Five Dallas police officers were shot and killed, including Michael Krol, during a peaceful Black Lives Matter protest of this week’s police shootings in Louisiana and Minnesota on Thursday night. Seven other police officers were shot. The first officer killed who was identified was Dallas Area Rapid Transit officer Brent Thompson.
Fox4 reports that Krol, 40, was a Redford, Michigan native who previously worked for the Wayne County Sheriff’s Office.
Police are still not sure how many snipers were involved in the attack, which began around 9 p.m. One suspect has been identified as Micah X. Johnson. Dallas Police Chief David Brown said in a press conference that Johnson told police he “was upset with white people and wanted to kill white people, especially white officers.”
Here’s what we know so far about Krol and the shooting. This post will be updated as more information becomes available.
1. Krol Always Wanted to Be a Police Officer
Krol’s brother-in-law, Brian Schoenbechler, told People Magazine that Krol was a “selfless guy” who always wanted to be a police officer working on the street.
“I want people to know he wasn’t just a cop, but a man with a family and people who loved him,” Schoenbechler said.
“It’s just not real for us,” Schoenbaechler told People. “He had a big extended family in the Detroit area and they are all coming through, bringing food, hugs and love.”
Jim Ehlke, Krol’s uncle, told ClickOnDetroit that his nephew always dreamed of becoming a police officer. “He was all in, he was all in,” Ehlke said.
2. The Rally Was Peaceful & Organized With Police Assistance
The rally was organized by Black Lives Matter in reaction to the shooting deaths of Alton Sterling in Baton Rouge, Louisiana and Philando Castile outside St. Paul, Minnesota. Both men were allegedly killed by police officers and video of both incidences went viral on social media.
The rally was organized with police cooperation. In fact, prior to the shooting, Dallas Police shared photos and video of the rally. One image even shows a demonstrator holding a sign that reads “No Justice No Peace” with two police officers smiling beside him.
Police have not found evidence to tie the shooting to the rally’s organizers.
“Police officers are guardians of this great democracy, the freedom to protest, the freedom of speech, the freedom of expression, all freedoms we fight for with our lives, it’s what makes us who we are as Americans,” Brown said during his press conference. “So we risk our lives for those rights, so we won’t militarize our policing standards, but we will do it in a much safer way every time.”
3. Suspect Was Killed in a Garage With a ‘Bomb Robot’
The Los Angeles Times reports that the shooting didn’t stop until 2:30 a.m. after police were in a standoff with a Johnson in a garage.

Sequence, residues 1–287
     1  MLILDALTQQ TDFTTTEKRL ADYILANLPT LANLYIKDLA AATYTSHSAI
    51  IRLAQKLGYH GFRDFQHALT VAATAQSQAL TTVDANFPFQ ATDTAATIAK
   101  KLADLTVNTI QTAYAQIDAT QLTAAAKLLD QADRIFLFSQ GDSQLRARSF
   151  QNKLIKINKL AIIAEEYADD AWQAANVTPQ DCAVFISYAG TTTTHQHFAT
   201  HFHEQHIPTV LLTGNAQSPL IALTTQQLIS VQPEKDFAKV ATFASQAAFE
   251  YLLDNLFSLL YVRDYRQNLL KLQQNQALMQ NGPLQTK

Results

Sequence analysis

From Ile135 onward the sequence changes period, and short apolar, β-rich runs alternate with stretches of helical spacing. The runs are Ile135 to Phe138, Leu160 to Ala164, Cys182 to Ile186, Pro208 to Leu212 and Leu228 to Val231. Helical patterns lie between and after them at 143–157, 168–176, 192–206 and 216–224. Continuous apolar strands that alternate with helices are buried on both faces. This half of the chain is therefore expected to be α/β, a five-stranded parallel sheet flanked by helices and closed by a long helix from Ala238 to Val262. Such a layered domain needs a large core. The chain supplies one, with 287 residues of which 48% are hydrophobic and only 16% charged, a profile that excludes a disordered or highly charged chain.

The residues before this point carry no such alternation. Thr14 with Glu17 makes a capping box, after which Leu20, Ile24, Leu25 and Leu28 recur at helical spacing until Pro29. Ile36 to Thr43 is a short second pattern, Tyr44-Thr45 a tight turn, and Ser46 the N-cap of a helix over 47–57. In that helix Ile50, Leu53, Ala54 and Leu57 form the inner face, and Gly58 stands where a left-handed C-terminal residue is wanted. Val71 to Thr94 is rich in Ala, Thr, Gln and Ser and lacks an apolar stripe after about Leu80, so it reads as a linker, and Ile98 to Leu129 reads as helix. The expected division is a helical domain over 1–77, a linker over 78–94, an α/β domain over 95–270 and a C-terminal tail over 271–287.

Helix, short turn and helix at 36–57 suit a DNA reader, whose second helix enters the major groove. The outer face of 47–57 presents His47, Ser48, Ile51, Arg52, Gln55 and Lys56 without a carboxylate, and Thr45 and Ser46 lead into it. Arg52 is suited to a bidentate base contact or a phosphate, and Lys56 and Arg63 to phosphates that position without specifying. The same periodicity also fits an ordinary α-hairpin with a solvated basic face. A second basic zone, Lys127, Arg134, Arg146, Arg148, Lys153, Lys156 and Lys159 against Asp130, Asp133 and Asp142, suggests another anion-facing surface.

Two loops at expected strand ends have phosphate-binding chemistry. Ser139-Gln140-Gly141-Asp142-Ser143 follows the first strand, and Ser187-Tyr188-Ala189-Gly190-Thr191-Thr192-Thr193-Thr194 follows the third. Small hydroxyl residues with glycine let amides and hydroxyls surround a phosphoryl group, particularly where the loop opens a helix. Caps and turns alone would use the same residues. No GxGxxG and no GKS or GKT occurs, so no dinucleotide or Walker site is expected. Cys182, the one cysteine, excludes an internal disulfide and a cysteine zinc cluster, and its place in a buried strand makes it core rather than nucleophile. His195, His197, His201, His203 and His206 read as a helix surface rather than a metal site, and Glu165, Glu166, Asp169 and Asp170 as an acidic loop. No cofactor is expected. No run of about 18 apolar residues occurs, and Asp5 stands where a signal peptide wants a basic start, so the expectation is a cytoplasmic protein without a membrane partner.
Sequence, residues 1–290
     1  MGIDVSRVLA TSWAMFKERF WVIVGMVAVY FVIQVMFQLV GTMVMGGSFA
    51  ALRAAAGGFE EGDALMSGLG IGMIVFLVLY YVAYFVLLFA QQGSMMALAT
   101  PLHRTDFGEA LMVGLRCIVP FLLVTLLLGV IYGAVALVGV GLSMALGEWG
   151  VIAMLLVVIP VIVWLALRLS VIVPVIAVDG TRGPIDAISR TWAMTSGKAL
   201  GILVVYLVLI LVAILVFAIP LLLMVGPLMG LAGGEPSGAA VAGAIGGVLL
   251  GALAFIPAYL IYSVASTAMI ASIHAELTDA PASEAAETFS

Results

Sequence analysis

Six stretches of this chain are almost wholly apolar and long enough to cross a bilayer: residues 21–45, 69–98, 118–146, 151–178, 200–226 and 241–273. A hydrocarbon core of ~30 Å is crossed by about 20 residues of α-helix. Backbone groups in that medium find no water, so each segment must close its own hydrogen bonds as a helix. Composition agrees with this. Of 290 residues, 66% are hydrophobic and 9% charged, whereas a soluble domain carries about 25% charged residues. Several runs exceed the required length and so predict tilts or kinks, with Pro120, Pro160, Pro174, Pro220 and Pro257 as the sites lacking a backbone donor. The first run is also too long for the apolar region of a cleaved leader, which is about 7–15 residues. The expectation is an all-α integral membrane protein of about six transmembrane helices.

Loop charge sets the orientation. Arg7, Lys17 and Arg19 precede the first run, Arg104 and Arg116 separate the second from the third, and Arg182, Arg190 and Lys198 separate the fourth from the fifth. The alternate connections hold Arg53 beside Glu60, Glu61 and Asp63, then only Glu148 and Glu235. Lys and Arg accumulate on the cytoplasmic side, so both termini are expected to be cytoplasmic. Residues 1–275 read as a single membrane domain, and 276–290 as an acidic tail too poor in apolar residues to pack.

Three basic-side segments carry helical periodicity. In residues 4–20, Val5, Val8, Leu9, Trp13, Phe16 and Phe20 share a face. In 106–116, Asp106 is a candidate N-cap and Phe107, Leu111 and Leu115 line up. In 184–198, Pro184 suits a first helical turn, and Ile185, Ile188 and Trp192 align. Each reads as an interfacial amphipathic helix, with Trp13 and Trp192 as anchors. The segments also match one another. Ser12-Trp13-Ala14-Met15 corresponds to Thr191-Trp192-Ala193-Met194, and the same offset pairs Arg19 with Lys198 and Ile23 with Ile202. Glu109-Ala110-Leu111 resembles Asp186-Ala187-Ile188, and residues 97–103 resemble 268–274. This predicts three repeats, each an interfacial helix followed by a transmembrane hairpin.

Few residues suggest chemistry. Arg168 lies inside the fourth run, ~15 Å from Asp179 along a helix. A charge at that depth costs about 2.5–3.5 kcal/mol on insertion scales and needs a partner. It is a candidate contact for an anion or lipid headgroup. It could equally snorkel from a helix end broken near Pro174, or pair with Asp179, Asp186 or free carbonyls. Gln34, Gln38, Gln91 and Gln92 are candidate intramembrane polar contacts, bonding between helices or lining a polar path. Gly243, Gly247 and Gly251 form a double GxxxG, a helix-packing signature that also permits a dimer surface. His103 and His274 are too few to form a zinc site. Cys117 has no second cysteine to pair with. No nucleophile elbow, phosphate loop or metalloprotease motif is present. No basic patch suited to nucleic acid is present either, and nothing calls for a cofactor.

Brown said that Johnson was killed with an explosive device or ‘robot bomb.’
“We saw no other option but to use our bomb robot and place a device on its extension for it to detonate where the suspect was,” Brown explained. “Other options would have exposed our officers to grave danger. The suspect is deceased as a result of detonating the bomb.”
4. Two Civilians Were Injured in the Shooting
Brent Thompson was the first DART police officer killed since the transit system began its own police force. The other four officers killed worked for the Dallas Police Department, including Krol. Although police did not initially identify all of the police victims, the family of Patrick Zamarripa confirmed that he was among the deceased. Michael Smith and Lorne Ahrens were the other two officers killed.
In his press conference, Brown said that the officers who responded were “some of the bravest men and women you ever want to be associated with,” noting how there was video of officers running towards gunfire to help civilians.
Brown asked everyone to praise the men and women who serve and protect. “We don’t feel much support most days, let’s not make today most days. Please, we need your support to be able to protect you from men like these who carried out this tragic, tragic event. Pray for these families,” Brown said.
“We’re hurting. Our profession is hurting. There are no words to describe the atrocity that happened in our city,” Brown added. “All I know is that this must stop — this divisiveness between our police and our citizens.”
5. Krol Was a Nine-Year Veteran of the Department
Krol worked for the Wayne County Sheriff’s Office jail system from 2003 to 2007. He arrived in Dallas in 2007 and joined the Dallas Police Department.
We are saddened by the loss of the dedicated officers in Dallas-one of whom was a former member of this agency-and also the wounding of the other officers,” Sheriff Beny Napoleon said in a statement. “Those officers made the ultimate sacrifice and died honoring their oaths to protect and serve. Our thoughts and prayers go out to their families and also the Dallas Police Department.”
Redford Township Supervisor Tracey Schultz Kobylarz told The Detroit News that she did not know Krol, but she offered condolences to his family. “My heart goes out to his family, his friends and to all of his associates in law enforcement. We’re all grieving with them,” she said.
For more information on the other victims, click here: